Blepharitis is characterized by swollen and painful eyelids and can be accompanied by dandruff-like flaky eyelid skin and loss of eyelashes.
Blepharitis usually is a chronic condition, meaning symptoms can be controlled with proper treatment and hygiene practices, but it is never fully cured. It often is associated with a bacterial infection, but also can be attributed to acne rosacea and dry eye syndrome.
Periorbital cellulitis. This is a relatively common infection and/or inflammation of the eyelid and portions of skin around the eye. The infection may be caused by bacteria, viruses or other pathogens. Periorbital cellulitis also is called preseptal cellulitis because the affected area is anterior to the orbital septum — a sheet-like tissue that forms the tough, fibrous back portion of the eyelids.
Orbital cellulitis. This is a rare but serious bacterial infection of tissues surrounding the eye, resulting in painful swelling of the upper and lower eyelid, and possibly the eyebrow and cheek. Other symptoms include bulging eyes, decreased vision, fever, and eye pain when moving the eyes.
Orbital cellulitis is a medical emergency and prompt IV antibiotic treatment often is needed to prevent optic nerve damage, permanent vision loss or blindness and other serious complications.
Symptoms of eye herpes can be similar to pink eye, however there may be painful sores on your eyelid, blurry vision due to a cloudy cornea and swollen eyes which may be so extreme that it obstructs your vision.
Types of eye herpes range from a mild infection to a more serious eye health problem that could result in a corneal transplant or even loss of vision.
Graves' disease. This ocular disorder, stemming from an overactive thyroid (hyperthyroidism), often is associated with swollen, puffy eyelids and bulging eyes, as well as double vision and drooping eyelids (ptosis). If you exhibit any of these symptoms, see your eye doctor as soon as possible for proper diagnosis and treatment.
Treatment Of Swollen Eyes
Generally, if your swollen eyes are due to allergies, antihistamine eye drops or oral allergy medication, as well as lubricating "artificial tears" will help relieve symptoms. Your eye doctor also may recommend mild steroid drops for more severe allergic reactions.
Other causes, such as infection like conjunctivitis or ocular herpes, respond well to anti-viral or anti-inflammatory eye drops or ointments, or antibiotics.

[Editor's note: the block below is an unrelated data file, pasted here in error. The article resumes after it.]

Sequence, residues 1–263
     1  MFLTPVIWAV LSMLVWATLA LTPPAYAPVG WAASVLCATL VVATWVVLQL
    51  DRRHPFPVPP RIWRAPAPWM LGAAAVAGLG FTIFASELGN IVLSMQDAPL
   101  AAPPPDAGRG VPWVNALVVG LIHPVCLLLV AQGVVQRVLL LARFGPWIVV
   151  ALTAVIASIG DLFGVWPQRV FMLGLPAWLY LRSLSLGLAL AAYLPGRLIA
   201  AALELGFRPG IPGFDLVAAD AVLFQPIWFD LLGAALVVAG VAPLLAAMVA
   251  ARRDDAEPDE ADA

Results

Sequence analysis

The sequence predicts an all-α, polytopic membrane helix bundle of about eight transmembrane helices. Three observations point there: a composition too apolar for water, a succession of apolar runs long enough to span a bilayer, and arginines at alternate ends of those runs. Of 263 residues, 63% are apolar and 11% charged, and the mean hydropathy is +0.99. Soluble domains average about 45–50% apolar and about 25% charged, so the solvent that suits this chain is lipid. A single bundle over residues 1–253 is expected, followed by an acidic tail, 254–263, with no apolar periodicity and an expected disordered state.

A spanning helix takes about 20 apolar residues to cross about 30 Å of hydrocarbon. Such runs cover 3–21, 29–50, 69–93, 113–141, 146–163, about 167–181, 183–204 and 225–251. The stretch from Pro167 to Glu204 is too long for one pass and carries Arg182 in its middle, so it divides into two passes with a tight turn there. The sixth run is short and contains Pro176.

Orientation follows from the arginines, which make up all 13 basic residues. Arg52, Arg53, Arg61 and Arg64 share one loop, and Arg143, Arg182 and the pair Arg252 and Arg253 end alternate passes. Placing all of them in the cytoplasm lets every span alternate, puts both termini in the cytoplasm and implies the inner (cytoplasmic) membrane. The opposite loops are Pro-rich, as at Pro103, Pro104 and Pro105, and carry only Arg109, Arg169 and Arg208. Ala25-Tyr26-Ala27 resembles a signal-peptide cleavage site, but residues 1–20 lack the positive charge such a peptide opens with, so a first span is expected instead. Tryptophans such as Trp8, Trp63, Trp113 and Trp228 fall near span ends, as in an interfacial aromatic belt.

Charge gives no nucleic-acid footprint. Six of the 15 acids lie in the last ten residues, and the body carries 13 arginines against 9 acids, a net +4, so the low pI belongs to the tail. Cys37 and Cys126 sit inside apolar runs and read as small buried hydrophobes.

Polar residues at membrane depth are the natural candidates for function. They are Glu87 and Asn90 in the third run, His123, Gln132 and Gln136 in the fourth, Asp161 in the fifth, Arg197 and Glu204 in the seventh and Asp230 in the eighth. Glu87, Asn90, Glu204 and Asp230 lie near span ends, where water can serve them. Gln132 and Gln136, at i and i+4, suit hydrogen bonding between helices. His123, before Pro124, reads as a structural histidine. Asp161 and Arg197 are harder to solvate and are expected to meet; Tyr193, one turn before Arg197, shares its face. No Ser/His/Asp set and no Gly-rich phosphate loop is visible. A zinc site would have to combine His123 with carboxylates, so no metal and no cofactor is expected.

Minor bouts of swollen eyelids can be eased with home remedies. First and foremost, avoid rubbing your eyes as this will only aggravate your condition.
If you have photophobia associated with chronic eyelid inflammation, photochromic lenses can help reduce light sensitivity. Also, if you wear contact lenses, remove them until the eyelid swelling resolves.
Applying a cool compress sometimes can reduce eyelid swelling, as well as splashes of cold water to your closed lids.
If symptoms continue or worsen, or if you experience any pain in your eye, see your eye doctor immediately to rule out a more sinister cause of your swollen eyes.
4 Tips For Preventing Swollen Eyes
- Get tested for allergies. If swollen eyelids and other symptoms of allergies are a regular occurrence, get yourself allergy tested. By knowing what you're allergic to, you can try to avoid specific allergens or, at the very least, minimize your exposure to them.
- Choose makeup and other beauty products that are hypoallergenic and fragrance-free to help avoid allergic flare-ups. You can also do a patch test on the inside of your wrist before using the makeup on your face to rule out any allergic reaction.
- When using eye drops, look for preservative-free eye drops. While preservatives in regular eye drops inhibit bacterial growth, some people are allergic to these preservatives.
- If you wear contact lenses, you can minimize your risk of eye infection or irritation by practicing proper hygiene techniques, including frequent replacement of your contact lenses and contact lens case. AAV
About the Author: Aimee Rodrigues has many years of editorial experience in consumer publishing, with an emphasis on the health, pharmaceutical and beauty fields. Previously she was the executive editor for this website and wrote articles on eye conditions, sunglasses and other topics. Connect with Mrs. Rodrigues via Google+.
Page updated August 2017